How Does Risk Flow in the Credit Default Swap Market?
42 Pages Posted: 24 May 2017
Date Written: March 29, 2017
We develop a framework to analyse the Credit Default Swaps (CDS) market as a network of risk transfers among counter-parties. From a theoretical perspective, we introduce the notion of flow-of-risk and provide sufficient conditions for a bow-tie network architecture to endogenously emerge as a result of intermediation.
This architecture shows three distinct sets of counter-parties:
i) Ultimate Risk Sellers (URS),
ii) Dealers (indirectly connected to each other),
iii) Ultimate Risk Buyers (URB).
We show that the probability of widespread distress due to counter-party risk is higher in a bow-tie architecture than in more fragmented network structures. Empirically, we analyse a unique global dataset of bilateral CDS exposures on major sovereign and financial reference entities in 2011-2014.
We find the presence of a bow-tie network architecture consistently across both reference entities and time, and that the flow-of-risk originates from a large number of URSs (e.g. hedge funds) and ends up in a few leading URBs, most of which are non-banks (in particular asset managers). Finally, the analysis of the CDS portfolio composition of the URBs shows a high level of concentration: in particular, the top URBs often show large exposures to potentially correlated reference entities.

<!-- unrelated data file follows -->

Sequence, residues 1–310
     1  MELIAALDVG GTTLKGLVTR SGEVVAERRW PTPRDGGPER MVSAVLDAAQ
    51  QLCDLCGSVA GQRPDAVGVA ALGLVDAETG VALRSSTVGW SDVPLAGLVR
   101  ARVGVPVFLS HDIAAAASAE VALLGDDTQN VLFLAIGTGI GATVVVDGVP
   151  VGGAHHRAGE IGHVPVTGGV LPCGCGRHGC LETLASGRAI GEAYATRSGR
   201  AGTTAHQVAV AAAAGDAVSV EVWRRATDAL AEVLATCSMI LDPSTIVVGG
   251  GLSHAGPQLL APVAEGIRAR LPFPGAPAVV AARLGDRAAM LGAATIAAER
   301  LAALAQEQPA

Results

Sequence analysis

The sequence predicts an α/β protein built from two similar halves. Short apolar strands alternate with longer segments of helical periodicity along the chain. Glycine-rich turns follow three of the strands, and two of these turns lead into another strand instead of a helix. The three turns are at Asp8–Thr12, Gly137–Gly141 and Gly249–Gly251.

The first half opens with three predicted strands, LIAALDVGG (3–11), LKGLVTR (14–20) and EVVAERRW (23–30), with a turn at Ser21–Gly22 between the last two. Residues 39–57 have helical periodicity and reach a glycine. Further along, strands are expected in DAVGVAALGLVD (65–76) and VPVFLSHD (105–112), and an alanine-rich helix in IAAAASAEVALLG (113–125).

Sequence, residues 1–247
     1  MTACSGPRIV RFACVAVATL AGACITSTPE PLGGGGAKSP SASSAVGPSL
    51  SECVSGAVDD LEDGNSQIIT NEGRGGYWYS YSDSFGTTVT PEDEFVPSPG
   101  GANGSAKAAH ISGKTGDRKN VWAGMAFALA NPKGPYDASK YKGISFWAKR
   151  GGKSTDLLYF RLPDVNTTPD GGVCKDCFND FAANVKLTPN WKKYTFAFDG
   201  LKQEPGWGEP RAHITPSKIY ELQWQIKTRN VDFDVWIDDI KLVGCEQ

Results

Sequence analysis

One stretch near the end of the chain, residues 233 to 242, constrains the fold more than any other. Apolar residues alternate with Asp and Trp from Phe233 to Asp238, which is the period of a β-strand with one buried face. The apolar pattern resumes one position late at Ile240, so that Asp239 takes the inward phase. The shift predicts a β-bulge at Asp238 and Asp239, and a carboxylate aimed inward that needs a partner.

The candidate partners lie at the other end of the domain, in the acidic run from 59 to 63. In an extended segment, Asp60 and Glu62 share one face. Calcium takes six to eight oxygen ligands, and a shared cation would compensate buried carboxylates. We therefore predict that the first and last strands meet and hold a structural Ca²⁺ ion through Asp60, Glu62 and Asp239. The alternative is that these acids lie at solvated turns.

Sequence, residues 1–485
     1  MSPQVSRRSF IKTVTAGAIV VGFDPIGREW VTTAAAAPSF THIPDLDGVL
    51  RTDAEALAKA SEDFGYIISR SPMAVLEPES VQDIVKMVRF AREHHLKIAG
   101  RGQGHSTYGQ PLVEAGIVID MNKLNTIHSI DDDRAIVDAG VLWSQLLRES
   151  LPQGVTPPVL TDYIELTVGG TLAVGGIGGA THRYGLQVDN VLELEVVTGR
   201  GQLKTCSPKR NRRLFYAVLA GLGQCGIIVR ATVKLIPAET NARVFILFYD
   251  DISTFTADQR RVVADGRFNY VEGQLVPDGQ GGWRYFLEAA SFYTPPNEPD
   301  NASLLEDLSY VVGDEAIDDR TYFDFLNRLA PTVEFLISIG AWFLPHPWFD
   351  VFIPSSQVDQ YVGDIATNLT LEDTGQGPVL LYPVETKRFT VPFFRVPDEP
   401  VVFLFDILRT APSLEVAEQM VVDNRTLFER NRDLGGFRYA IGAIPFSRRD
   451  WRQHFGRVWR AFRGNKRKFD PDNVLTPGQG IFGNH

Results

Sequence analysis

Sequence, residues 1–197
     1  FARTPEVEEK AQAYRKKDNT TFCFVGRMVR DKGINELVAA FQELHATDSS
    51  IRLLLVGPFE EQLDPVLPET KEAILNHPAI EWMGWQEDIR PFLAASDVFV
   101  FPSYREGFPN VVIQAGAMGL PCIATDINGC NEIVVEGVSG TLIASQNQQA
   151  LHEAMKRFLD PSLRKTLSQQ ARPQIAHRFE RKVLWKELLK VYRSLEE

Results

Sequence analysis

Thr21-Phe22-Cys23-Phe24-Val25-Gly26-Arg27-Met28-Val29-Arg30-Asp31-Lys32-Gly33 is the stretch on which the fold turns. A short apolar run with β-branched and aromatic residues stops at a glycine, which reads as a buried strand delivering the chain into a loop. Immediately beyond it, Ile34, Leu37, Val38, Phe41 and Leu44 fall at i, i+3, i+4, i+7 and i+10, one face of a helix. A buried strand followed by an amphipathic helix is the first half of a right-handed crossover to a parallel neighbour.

Keywords: flow-of-risk, systemic risk, credit default swap, financial networks, network architecture
JEL Classification: G10, G15
Suggested Citation: Suggested Citation